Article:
Surviving the "Holidaze"

Surviving the "Holidaze"

I just came across this piece I wrote a few years ago for my Dallas Morning News column, Traveling Hopefully.  Seemed like a good time to share it again!

Surviving the Family Holiday

‘Tis the season that most of have visions of traffic jams, crowded malls and maxed-out credit cards dancing through our heads.  Despite best intentions to rediscover the peace and joy of the holiday season, we somehow find ourselves right back in the same old over-scheduled and over-commercialized patterns as we spend too much, eat too much and stress too much.  And a major source of that stress?   The dreaded family holiday get-together.

I’m sure you’ve already got all the decorating and entertaining advice you need, so here are some tips to help you not only survive your holiday with the family, but also have a good time.  Now wouldn’t that be cause for celebration?

  1. Make decisions upfront.  Decide beforehand, not in the moment, how much time you want to devote to family gatherings and how you’ll gracefully extricate yourself from functions when it’s time to leave.  If you know that brunch with the family really means they expect you to arrive at the crack of dawn and leave at midnight, let them you know your planned commitment before you arrive.  For example, “We’ll be there for brunch at noon, but we’ll need to leave around three for (feel free to insert an actual event or gentle white lie of your choice here).”  That way, you get what you want and no one is surprised or insulted by an abrupt departure.  And if they try to guilt you, don’t buy it.
  2. Communicate expectations and needs for your children.  Be clear with extended family members about how to plan and what to expect from your kids, whether it comes to eating preferences, behavior issues or anything else that you anticipate could sour a family gathering.  Bring your own food along, if need be, or advise Grandma that your three-year-old is only eating shredded cheddar cheese at the moment so she can have plenty on-hand.  Be prepared to ignore well-intended (or not) advice from others about how you should be disciplining your little ones, and instead be sure to give your kids some age-appropriate guidelines for their behavior during family holidays.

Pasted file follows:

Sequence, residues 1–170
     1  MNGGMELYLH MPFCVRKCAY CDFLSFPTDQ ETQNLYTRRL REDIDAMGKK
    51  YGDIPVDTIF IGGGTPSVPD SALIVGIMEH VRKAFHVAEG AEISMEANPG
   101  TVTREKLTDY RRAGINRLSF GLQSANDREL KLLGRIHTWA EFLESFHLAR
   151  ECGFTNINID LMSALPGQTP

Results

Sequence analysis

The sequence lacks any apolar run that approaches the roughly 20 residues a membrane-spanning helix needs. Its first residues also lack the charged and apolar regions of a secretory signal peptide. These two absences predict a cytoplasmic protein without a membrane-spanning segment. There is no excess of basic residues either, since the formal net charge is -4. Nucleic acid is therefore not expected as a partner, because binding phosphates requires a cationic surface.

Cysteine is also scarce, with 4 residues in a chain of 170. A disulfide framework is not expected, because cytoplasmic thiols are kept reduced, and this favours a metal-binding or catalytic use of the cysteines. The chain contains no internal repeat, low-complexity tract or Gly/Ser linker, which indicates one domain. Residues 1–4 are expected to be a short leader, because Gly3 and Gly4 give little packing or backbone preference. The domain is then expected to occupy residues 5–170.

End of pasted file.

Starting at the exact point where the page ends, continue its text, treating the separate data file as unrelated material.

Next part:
3. Reach out and connect.  Rather than distance yourself from family members with whom you feel you have little in common, or worse, haven’t gotten along with in decades, try reaching out and really connecting by sharing one of their favorite activities, whether it’s fishing, card playing or visiting a neighbor.  Honor their interests and go along with someone else’s program for a change.  And if you tend to have more in common with Scrooge than St. Nicholas, remind yourself it’s only once a year.
  4. Create a new ritual.  Try something entirely different with your immediate and extended family.  Start a family holiday newsletter, make decorations or ornaments, share a cookie baking day, hold a “Secret Santa” drawing, or have a family game show based on old memories.  Create something brand new that can be repeated or built upon year after year.  This can be a very healing exercise where relationships have been strained or the family has faced challenges like an illness, death or divorce.
  5. Set aside some time for yourself.  Even if you’re surrounded with relatives, make sure you get away for a few minutes or a few hours by yourself or with your immediate family.  Go for a walk, take a drive through the old neighborhood or find a quiet spot to read a book.  If you need an excuse, blame your solitary activity on your work, your new fitness program or anything else that will minimize discussion and get you out the door for some solo time.

With a little preparation, patience and prayer, you can make this family holiday the best ever.  Warm wishes for a joyous season and for traveling hopefully into the new year!